So, we got to Boston's South Station pretty early, which was OK. Gave Dave and I plenty of time to eat our Dunkin' bran muffins and drink our coffee (I asked for Splenda with skim, and they were happy to oblige this time). The South Station pretty much set the bar for the other Amtrak stations: It was clean and easy to navigate, lots of friendly people around to ask questions, and lots of seating available, with easily accessible and well-lit newsstands. It even had wifi.

We hung out and waited for our train to be called, and Dave was much less nervous than we were before departing DFW for Logan, mostly because riding on a train was much less dangerous (statistically) than flying (or driving for that matter). I was just stoked to ride on Amtrak. I never had before, but my grandmother took my brother and my oldest sister to Dallas to see the Ramses exhibit many years ago via Amtrak.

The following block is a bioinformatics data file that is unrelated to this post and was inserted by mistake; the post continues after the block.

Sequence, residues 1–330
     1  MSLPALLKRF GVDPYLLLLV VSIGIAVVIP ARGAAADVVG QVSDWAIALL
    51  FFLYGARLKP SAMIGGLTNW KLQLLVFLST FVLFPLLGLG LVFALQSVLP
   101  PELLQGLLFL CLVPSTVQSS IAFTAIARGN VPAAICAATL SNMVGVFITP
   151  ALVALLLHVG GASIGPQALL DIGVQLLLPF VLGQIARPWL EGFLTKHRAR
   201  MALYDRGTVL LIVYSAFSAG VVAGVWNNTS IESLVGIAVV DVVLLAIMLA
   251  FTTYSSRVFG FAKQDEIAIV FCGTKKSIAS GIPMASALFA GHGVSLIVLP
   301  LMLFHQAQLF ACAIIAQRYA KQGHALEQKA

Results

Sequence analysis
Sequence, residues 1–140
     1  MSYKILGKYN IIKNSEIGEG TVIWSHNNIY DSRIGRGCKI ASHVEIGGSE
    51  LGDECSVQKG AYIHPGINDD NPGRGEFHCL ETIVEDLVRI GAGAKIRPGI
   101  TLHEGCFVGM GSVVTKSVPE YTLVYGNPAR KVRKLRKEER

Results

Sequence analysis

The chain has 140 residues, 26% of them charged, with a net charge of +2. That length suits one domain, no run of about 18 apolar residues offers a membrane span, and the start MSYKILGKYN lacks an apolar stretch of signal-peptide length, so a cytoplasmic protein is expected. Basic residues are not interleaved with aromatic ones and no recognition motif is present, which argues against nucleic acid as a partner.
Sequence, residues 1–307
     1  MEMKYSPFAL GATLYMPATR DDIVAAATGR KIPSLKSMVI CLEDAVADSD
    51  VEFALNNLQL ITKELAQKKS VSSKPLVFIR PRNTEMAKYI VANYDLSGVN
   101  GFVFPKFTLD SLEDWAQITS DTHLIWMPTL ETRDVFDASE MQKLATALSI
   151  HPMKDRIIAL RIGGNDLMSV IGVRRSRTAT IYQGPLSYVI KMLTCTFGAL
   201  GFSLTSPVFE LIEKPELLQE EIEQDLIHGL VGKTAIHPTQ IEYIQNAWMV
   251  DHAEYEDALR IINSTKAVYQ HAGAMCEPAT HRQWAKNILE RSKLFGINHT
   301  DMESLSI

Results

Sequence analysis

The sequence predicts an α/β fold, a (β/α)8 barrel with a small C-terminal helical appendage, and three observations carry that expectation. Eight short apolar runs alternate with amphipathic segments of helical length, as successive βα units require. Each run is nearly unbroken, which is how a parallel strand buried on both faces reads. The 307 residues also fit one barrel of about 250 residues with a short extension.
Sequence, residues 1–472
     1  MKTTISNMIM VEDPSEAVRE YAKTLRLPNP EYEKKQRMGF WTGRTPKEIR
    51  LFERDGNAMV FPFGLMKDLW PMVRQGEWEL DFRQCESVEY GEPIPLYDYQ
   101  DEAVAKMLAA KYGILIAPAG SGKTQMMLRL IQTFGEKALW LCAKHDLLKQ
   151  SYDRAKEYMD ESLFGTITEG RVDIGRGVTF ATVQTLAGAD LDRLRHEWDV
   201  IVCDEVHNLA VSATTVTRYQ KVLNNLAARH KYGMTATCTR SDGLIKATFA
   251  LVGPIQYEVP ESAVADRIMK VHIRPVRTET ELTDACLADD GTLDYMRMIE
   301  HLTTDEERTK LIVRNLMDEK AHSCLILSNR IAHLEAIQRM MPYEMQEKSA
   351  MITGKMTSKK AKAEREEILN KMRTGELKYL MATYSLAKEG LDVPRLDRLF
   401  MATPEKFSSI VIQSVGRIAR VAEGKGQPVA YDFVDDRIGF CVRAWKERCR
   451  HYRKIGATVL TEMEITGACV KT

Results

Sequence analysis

Our train is called, we stow our small, small bags, dig out our iPods and off we go.

I wish I had taken pictures of our ride from Boston to NYC, other than the obligatory ones of viewing Manhattan for the first time. But if it's any consolation, this is what I wrote in my Molskine:

Sure, I like warm weather, endless azure water, white sands and an island's warm breezes that lazily your bare legs, and yet, cool mornings on the eastern coast, taking a ride on a train down New England to New York, stokes a hunger for thick cable sweaters, sailboats and long piers into a quiet bay, clapboard houses cheery in their idyll lawns, shining like a mirage, quaint and beautiful.

In the plans I always make for the lottery money I'll never win, there is a seaside home in Mystic, Conn.

And finally, we were in NYC.


We arrived at Penn Station just before lunchtime. Penn is a huge, dirty, disgusting port of arrival. I was immediately disenchanted when we got there. I began to think that if this part of NYC is this gross, then the rest is likely the same. I wasn't that far off.